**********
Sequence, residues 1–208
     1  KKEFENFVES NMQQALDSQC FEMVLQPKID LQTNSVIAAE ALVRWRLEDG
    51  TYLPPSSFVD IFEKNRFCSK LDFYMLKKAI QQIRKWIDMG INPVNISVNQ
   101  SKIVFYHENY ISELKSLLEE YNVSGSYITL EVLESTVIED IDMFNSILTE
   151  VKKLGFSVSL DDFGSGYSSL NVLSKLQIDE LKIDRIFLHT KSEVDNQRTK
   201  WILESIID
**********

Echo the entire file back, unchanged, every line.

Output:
Sequence, residues 1–208
     1  KKEFENFVES NMQQALDSQC FEMVLQPKID LQTNSVIAAE ALVRWRLEDG
    51  TYLPPSSFVD IFEKNRFCSK LDFYMLKKAI QQIRKWIDMG INPVNISVNQ
   101  SKIVFYHENY ISELKSLLEE YNVSGSYITL EVLESTVIED IDMFNSILTE
   151  VKKLGFSVSL DDFGSGYSSL NVLSKLQIDE LKIDRIFLHT KSEVDNQRTK
   201  WILESIID